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Inspirations for Family History Legacy

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Inspirations for Family History Legacy

What are three recommendations for creating and sharing your complete family history as a legacy?

 
I recently attended a LiveCast from RootsTech 2023 – a taste of what’s to come in March next year. Have you registered to attend this event online? I have and I am looking forward to the classes and presentations from the genealogists I follow.
I asked this question of Lisa Cooke, Myko Clelland, Rhett Dabling and Jenny Joyce, who gave some valuable advice for the conference and for Genealogy in general.
 
What are your recommendations for creating and sharing your complete family history as a legacy?
Three valuable answers:
  1. Share your stories with video to reach a larger number of people and for ease of consumption.
  2. Ensure that your digital records are accessible long after you’ve gone – leave your passwords in your will.
  3. Value the printed records and folders they are housed in and bequeath them to a family history society.

Stories as Videos

The first answer really resonated for me as I thought about a new way to ‘tell my ancestral stories’. Perhaps I can return to my practice of digital storytelling and find new ways of recording the stories in voice.

Short videos to engage with a new audience, those who prefer to consume video for their education and entertainment. This will be a strategy that will engage with my grandchildren.

I already have a couple of these ready to go; they appear in my online course on Digital Storytelling for Family Historians. 

See below for access to this course.

Dear Diary:  I already have a wealth of stories to create as videos; and I could add them to my YouTube channel. Plus I can add them to a new module in my Digital Storytelling for Family Historians.

Writing Tips for Storytelling: for Genealogists

I was scrolling through tips and  posts from writers in the Writers Community in Twitter this morning and found some valuable tips for writers in all genres. I have selected six that could be inspirational for your next ancestral story.

10 Storytelling Secrets


1. Begin in the Action – to make a story instantly irresistible, throw your audience into the deep end. But don’t give away too much. Start with drama, then pull back and swing to the beginning. Now they have a reason to listen.


2. Leave them with a lesson – stories that suck have no point. People listen for the lessons. Be creative. You can transform seemingly insignificant stories into a powerful message. The secret is in the bridge.


3. The power of loops – every Netflix episode finishes with a cliffhanger. Why? Because studies show curiosity is as powerful a motivator as hunger. Subconsciously, we can’t help but try to close loops. Use them often to keep your audience hungry for more.


4. Drop Details – people don’t care about stories they can’t see. Use:
dates, times, senses, colours, emotions. Vagueness is a killer. Specificity is the secret.


5. Control the tempo – the best sories are rollercoasters. And as a storyteller, pace and prose are your secret weapons. When things are cool and calm, seak slow and soft. But during chaos, quicken with strong words and short sentences. Bring your reader for the ride.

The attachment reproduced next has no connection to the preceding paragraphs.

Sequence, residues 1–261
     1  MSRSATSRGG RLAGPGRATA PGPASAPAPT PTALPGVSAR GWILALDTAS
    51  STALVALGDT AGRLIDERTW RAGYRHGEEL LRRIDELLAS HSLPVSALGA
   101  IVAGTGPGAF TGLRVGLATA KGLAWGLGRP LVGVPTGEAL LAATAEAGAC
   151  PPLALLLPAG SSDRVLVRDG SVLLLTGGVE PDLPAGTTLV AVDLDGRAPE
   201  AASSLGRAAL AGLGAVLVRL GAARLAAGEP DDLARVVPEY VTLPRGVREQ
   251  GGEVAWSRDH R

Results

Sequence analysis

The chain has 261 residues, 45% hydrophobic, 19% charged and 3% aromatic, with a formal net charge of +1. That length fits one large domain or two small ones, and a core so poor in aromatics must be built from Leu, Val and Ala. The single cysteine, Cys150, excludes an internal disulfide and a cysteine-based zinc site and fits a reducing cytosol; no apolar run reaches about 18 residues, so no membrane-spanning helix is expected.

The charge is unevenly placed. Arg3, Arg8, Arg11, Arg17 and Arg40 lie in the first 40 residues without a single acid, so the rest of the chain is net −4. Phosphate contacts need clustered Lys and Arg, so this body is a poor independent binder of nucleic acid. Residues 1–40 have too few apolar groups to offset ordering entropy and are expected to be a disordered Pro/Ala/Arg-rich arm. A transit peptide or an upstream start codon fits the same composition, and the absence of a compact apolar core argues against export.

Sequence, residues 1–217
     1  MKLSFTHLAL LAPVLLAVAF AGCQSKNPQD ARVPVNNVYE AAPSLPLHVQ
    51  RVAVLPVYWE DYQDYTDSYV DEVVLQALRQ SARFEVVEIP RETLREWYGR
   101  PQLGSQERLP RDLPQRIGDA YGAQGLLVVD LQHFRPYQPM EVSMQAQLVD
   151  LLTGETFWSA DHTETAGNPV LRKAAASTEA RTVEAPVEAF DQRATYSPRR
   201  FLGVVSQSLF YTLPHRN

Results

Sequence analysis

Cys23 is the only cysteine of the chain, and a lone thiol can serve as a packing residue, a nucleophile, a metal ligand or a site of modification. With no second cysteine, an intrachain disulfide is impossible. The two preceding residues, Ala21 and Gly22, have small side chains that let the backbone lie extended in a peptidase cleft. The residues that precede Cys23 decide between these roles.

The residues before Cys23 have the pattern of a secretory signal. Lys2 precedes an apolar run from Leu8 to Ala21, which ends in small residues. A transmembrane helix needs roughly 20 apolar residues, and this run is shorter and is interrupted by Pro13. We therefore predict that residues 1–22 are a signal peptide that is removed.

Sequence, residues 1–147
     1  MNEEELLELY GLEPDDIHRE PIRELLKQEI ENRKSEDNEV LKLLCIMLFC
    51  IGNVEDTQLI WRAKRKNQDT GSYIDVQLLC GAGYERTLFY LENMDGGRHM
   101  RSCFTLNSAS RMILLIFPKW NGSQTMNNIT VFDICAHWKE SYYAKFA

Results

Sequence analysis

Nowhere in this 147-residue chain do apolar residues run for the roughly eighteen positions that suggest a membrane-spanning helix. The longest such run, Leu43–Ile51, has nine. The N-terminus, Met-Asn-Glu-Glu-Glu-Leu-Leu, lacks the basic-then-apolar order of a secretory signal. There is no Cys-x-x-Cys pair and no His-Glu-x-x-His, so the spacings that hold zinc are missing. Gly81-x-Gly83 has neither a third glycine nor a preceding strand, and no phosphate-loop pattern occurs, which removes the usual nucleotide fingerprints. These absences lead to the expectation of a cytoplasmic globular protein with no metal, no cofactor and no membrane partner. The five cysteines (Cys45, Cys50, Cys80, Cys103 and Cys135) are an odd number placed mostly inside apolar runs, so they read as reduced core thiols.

6. Build your bank – stories are everywhere, but only if you train your mind to look. Start a Storybank. Save whatever happens big or small. Don’t wait for inspiration, create it.

The author of this tip is Kieran Drew who is a contributor in the Twitter community called the Writers Community. I joined this community recently and was scrolling through and found 10 tips from Kieran that could be useful for those who write in the family history genre.

Today I got to thinking about how to use this tip to help with my ancestral storytelling, especially with the next group of posts in my genealogystories blog.

I am focussed on telling the stories of the lives of my father’s siblings and their families. This should keep me busy for a few posts as there were several of them.

But how can I begin in the action, as Kieran suggests. This will take some thought. For instance, could I begin with the scene at a funeral for one of the siblings, and describe the anguish of parents in losing a child at a very young age; my dad’s older brother who died the same year he was born.

Or could I describe another tragic event that took place in the 1930s. An event at a motor race in which my uncle, my dad’s younger brother, was killed.

Or could I bring to light the circumstances around the birth of my dad’s older sister, someone who’s records have been hidden in time. She was born in the same year her parents, my grandparents, were married. The wedding was on 27 December 1896 so she was already on the scene. Perhaps I begin with that marriage.

This one tip from Kieran has given me pause for thought as I construct my next ancestral stories with a touch of drama.

Digital Storytelling for Family Historians

In this course you will learn how to create a short video about your ancestor, with narration, images from your archives and a musical background. In the lessons I provide step by step instructions on how to use PowerPoint to create your Digital Story.

Black Friday Special

This course is on special this month – enrol before December 7 – 50% off if you use the BlackFriday22 code.

The course is usually $97 but this November it is just $47.

Genealogy Research Services

I would love to hear your feedback on this post and what you are looking for in your Genealogy.

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